The usual way to establish a standard was to make prototypes of the base units and distribute copies. This would make the new standard reliant on the original prototypes which would be in conflict with the previous goal since all countries would have to refer to the one holding the prototypes.
The designers developed definitions of the base units such that any laboratory equipped with proper instruments should be able to make their own models of them. The original base units of the metric system could be derived from the length of a meridian of the Earth and the weight of a certain volume of pure water. They discarded the use of a pendulum since its period or, inversely, the length of the string holding the bob for the same period changes around the Earth. Likewise, they discarded using the circumference of the Earth over the Equator since not all countries have access to the Equator while all countries have access to a section of a meridian.

The metric system is decimal, in the sense that all multiples and submultiples of the base units are factors of powers of ten of the unit. Fractions of a unit (e.g. 29/64) are not used formally. The practical benefits of a decimal system are such that it has been used to replace other non-decimal systems outside the metric system of measurements; for example currencies.
The simplicity of decimal prefixes encouraged the adoption of the metric system. Clearly the advantages of decimal prefixes derive from our using base 10 arithmetic, a consequence of our happening to have 10 digits (fingers and thumbs). At most, differences in expressing results are simply a matter of shifting the decimal point or changing an exponent; for example, the speed of light may be expressed as 299 792.458 km/s or 2.99792458×10 m/s.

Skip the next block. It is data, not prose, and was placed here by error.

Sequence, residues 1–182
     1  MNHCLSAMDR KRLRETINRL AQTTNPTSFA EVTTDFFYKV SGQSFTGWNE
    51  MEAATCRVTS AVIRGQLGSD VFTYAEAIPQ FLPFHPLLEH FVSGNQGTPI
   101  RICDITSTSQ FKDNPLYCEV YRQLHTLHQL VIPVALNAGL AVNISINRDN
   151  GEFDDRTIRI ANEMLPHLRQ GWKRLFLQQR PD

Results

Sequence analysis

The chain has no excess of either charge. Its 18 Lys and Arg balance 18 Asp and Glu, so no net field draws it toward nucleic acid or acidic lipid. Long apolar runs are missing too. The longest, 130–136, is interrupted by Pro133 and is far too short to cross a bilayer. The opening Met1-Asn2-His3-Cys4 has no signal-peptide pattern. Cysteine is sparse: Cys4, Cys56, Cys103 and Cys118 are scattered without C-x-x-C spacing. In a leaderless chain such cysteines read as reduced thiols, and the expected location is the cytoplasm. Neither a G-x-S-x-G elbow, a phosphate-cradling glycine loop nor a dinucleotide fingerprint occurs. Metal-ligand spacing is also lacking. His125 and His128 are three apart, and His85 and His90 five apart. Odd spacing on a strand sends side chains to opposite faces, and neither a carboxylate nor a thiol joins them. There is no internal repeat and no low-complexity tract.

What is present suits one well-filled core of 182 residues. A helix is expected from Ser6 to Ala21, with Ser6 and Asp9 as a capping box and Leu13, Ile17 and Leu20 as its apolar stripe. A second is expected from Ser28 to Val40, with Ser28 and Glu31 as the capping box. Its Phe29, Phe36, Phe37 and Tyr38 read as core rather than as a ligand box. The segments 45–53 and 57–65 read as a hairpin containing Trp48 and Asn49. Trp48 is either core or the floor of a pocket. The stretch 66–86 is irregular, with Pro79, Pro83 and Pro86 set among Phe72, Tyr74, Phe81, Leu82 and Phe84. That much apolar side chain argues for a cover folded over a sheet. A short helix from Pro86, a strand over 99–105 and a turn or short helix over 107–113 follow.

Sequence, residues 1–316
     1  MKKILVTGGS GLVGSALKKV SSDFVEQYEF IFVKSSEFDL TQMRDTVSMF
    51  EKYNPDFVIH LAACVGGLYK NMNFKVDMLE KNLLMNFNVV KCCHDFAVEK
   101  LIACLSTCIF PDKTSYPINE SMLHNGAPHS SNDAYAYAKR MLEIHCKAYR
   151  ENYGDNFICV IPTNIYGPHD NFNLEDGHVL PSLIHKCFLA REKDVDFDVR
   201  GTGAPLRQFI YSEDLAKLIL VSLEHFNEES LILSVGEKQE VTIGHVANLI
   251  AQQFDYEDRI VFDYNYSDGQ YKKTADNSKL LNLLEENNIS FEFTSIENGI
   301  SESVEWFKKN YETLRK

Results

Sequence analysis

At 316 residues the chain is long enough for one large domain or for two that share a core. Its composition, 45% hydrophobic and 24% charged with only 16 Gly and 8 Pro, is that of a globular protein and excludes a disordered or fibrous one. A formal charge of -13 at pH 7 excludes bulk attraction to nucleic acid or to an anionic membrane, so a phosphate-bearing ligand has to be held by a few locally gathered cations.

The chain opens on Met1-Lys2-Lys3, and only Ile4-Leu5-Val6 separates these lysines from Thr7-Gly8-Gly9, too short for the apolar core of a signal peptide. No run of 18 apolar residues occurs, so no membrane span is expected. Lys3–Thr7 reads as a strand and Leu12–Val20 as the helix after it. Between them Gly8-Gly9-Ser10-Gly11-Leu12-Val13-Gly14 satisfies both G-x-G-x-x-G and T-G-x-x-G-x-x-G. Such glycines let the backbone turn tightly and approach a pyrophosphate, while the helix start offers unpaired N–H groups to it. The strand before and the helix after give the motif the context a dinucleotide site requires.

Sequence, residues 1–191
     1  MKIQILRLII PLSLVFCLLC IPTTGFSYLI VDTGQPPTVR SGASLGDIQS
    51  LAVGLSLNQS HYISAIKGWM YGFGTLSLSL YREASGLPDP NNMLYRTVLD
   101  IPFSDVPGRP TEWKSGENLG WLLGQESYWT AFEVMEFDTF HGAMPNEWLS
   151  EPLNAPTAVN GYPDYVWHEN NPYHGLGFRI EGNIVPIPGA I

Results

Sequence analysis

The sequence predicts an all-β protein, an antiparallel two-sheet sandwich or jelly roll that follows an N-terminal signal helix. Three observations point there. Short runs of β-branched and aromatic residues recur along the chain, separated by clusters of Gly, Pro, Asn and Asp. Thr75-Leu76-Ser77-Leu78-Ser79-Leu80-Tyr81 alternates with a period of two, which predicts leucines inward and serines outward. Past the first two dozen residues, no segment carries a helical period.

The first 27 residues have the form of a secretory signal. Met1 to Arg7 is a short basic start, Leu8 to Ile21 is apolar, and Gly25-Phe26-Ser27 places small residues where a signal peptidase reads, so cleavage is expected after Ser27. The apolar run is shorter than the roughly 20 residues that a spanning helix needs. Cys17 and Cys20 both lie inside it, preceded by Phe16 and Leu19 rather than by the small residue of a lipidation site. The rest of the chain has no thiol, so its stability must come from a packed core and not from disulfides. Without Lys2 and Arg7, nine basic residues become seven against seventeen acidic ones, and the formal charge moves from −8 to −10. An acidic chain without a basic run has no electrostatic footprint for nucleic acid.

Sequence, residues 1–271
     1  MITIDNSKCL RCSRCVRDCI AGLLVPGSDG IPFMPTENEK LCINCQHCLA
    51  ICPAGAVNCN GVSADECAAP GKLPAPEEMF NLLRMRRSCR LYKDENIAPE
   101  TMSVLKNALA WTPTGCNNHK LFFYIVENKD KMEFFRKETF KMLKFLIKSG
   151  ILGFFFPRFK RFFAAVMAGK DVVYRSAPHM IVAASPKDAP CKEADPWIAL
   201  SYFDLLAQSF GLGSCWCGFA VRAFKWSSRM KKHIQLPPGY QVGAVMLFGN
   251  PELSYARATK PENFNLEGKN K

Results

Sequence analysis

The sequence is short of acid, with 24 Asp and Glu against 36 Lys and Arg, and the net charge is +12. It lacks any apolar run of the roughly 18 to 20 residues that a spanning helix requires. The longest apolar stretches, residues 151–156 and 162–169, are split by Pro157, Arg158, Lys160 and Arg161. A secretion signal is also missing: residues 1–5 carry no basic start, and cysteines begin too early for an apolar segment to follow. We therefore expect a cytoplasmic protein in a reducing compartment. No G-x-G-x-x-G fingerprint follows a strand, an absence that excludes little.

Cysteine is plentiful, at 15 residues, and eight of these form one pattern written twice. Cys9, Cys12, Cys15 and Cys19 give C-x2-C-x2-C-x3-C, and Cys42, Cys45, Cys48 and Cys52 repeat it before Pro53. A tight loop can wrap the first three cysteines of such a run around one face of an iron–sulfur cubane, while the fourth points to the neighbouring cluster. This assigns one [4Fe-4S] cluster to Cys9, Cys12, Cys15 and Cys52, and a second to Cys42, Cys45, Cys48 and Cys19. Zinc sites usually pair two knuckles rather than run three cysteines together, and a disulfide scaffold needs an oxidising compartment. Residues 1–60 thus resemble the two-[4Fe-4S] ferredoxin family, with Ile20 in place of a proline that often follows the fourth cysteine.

Decimal multiples

Main article: SI prefix Common prefixes
Originally, units for volume and mass were directly related to each, with mass defined in terms of a volume of water. Even though that definition is no longer used, the relation is quite close at room temperature and nearly exact at 4 degrees C. So as a practical matter, one can fill a container with water and weigh it to get the volume, for example.

Relation of volume and mass of water
The base units were chosen to be of similar magnitude to customary units. The metre, being close to half a toise (French yard equivalent), became more popular than the failed decimal hour of the Republican Calendar which was 2.4 times the normal hour.
The kilometre was originally defined as the length of an arc spanning a decimal minute of latitude, a similar definition to that of the nautical mile which was the length of an arc of one (non-decimal) minute of latitude.